Policymakers recognize that you have to bend the cost curve, you have to do it while improving quality and patient safety, you have to put the patient first. –Karen Fisher, JD, Senior Director and Senior Policy Council, Association of American Medical Colleges
The U.S. is recognized as a leader in many areas, but our healthcare system has been labeled broken by many policymakers and thought leaders. Despite outspending all other countries, our health outcomes are alarmingly inadequate. For example:
- The U.S. ranks 37th in health status according to the World Health Organization
- The nation ranks 29th for infant mortality
- The U.S. ranks 19th in unnecessary deaths
Contributing to the high costs and quality challenges are the misaligned payment incentives from public and private payers that reward volume of service over quality, compensating providers for each service they deliver regardless of results. The current U.S. payment structure does not incentivize providers to work together to coordinate care.
At the same time, the continuing economic slowdown in the U.S. and across much of the globe is placing even greater stress on healthcare systems. Government at all levels and individuals are struggling to cope with rising insurance premiums, medication costs, and the chronic disease burden of an aging population. In many states, Medicaid has becomg the single greatest fiscal challenge.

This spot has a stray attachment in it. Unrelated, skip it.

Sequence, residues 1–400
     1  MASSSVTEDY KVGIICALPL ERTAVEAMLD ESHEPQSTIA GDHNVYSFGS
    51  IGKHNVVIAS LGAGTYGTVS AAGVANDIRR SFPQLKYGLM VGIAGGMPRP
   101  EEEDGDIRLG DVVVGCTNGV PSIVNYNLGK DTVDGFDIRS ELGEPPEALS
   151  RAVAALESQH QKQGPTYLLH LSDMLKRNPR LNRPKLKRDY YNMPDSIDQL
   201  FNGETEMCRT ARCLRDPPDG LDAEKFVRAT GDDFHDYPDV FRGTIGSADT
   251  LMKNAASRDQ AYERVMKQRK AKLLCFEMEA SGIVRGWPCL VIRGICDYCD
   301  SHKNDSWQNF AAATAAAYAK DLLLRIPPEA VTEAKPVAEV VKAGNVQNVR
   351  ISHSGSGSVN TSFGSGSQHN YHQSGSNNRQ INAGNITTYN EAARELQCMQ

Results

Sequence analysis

The need for innovation and efficiency in healthcare is greater than ever. All of these factors are being faced as well in the Akron region. ABIA has a lead role in helping to “bend the curve” of healthcare costs. Through designing, implementing, and monitoring the ACC, greater coordination and delivery of health promotion and disease prevention, access to care and services, and healthcare delivery will be achieved.